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Excluding human rights from project assessment and approval is an unworkable proposition

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The current federal system for review and regulation of resource development proposals is broken.

Not because, as some critics claim, the process is too slow and cumbersome, but because in a democratic society, governments simply cannot ignore the human rights implications of their decisions, especially in the era of the United Nations Declaration on the Rights of Indigenous Peoples.

Although the protection of human rights is an explicit constitutional imperative, current federal impact assessment legislation does not include any direct or explicit reference to rights protections. This is despite the fact that large-scale resource development projects will have profound impacts on the Indigenous nations whose lands and jurisdictions are inevitably implicated, as well as for the Indigenous and non-Indigenous communities that host the workforces which build and maintain such projects. And, it is all too clear in the discussions with Indigenous leadership, that Canada’s governments and proponents must plan the process at an early stage with Indigenous nations to meet an expectation of co-decision-making procedures.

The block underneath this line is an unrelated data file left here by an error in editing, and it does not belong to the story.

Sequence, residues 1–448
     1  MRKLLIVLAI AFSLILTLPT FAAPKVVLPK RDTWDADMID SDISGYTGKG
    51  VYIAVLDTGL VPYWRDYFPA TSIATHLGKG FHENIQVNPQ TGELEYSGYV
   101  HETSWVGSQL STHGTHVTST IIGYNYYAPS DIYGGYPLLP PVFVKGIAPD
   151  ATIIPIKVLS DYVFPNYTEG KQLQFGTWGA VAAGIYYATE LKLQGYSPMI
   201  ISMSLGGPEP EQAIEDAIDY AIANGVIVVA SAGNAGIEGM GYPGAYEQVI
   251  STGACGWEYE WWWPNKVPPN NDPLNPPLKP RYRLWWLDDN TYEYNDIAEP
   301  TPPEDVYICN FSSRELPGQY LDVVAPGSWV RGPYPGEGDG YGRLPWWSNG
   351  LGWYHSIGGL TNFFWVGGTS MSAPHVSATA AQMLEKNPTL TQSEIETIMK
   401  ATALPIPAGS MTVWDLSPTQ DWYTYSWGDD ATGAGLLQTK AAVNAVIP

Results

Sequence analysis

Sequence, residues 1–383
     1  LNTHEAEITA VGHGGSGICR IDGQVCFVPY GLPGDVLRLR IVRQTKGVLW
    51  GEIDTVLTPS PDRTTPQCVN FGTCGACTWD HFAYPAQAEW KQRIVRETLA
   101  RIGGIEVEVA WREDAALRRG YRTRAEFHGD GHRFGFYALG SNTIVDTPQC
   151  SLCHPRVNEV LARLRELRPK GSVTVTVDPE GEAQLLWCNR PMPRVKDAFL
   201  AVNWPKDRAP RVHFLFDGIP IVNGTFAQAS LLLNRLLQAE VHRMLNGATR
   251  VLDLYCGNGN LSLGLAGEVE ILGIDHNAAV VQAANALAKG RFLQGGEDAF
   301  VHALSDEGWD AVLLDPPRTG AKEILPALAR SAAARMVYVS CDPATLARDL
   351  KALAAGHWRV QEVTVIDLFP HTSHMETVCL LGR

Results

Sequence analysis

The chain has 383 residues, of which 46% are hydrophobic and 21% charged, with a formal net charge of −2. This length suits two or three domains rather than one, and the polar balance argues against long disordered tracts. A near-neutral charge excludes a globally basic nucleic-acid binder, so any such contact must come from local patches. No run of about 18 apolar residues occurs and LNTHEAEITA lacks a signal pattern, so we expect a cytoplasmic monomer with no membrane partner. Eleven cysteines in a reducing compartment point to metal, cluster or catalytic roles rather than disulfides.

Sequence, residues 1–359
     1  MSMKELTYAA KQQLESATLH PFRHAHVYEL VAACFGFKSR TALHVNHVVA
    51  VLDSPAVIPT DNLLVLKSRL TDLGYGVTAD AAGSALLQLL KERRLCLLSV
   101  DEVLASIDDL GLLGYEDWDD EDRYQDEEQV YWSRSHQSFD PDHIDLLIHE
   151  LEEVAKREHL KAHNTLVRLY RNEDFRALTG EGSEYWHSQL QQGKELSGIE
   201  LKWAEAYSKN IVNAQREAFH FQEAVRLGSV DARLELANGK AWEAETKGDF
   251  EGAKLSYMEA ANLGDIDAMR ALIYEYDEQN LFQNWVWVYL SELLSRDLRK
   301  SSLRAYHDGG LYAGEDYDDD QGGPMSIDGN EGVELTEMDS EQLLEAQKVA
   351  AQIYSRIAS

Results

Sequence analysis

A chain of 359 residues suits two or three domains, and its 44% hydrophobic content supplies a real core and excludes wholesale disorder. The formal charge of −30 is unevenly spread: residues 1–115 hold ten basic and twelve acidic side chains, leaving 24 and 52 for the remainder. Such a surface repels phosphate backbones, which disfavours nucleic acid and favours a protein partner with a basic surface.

Part of the purpose of assessments should be to understand those risks and ensure that rights are upheld when conditions for project approval are set out. In fact, however, the review panels struck to conduct public assessments have been........

© Calgary Herald